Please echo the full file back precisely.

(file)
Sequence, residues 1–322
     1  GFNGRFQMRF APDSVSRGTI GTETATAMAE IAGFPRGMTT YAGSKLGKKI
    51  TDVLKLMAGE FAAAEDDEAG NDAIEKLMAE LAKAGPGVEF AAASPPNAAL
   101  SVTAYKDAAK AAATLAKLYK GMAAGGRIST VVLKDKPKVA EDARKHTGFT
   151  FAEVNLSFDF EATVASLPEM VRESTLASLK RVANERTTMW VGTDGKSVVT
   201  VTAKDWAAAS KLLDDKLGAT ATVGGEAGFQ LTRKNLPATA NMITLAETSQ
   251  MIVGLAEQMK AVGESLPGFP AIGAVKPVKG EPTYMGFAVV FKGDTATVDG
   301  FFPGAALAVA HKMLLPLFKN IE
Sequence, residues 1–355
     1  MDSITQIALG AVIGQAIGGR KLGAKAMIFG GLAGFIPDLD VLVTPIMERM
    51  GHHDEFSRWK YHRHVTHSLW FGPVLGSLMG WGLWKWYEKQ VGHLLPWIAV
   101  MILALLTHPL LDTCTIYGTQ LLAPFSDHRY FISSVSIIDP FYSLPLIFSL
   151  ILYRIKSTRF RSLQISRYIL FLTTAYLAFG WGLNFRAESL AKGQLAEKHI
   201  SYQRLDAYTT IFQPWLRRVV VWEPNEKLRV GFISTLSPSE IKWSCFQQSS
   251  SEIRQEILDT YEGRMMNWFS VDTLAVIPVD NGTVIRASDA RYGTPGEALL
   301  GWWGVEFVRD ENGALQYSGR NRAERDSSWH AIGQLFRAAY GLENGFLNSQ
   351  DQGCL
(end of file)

Sequence, residues 1–322
     1  GFNGRFQMRF APDSVSRGTI GTETATAMAE IAGFPRGMTT YAGSKLGKKI
    51  TDVLKLMAGE FAAAEDDEAG NDAIEKLMAE LAKAGPGVEF AAASPPNAAL
   101  SVTAYKDAAK AAATLAKLYK GMAAGGRIST VVLKDKPKVA EDARKHTGFT
   151  FAEVNLSFDF EATVASLPEM VRESTLASLK RVANERTTMW VGTDGKSVVT
   201  VTAKDWAAAS KLLDDKLGAT ATVGGEAGFQ LTRKNLPATA NMITLAETSQ
   251  MIVGLAEQMK AVGESLPGFP AIGAVKPVKG EPTYMGFAVV FKGDTATVDG
   301  FFPGAALAVA HKMLLPLFKN IE
Sequence, residues 1–355
     1  MDSITQIALG AVIGQAIGGR KLGAKAMIFG GLAGFIPDLD VLVTPIMERM
    51  GHHDEFSRWK YHRHVTHSLW FGPVLGSLMG WGLWKWYEKQ VGHLLPWIAV
   101  MILALLTHPL LDTCTIYGTQ LLAPFSDHRY FISSVSIIDP FYSLPLIFSL
   151  ILYRIKSTRF RSLQISRYIL FLTTAYLAFG WGLNFRAESL AKGQLAEKHI
   201  SYQRLDAYTT IFQPWLRRVV VWEPNEKLRV GFISTLSPSE IKWSCFQQSS
   251  SEIRQEILDT YEGRMMNWFS VDTLAVIPVD NGTVIRASDA RYGTPGEALL
   301  GWWGVEFVRD ENGALQYSGR NRAERDSSWH AIGQLFRAAY GLENGFLNSQ
   351  DQGCL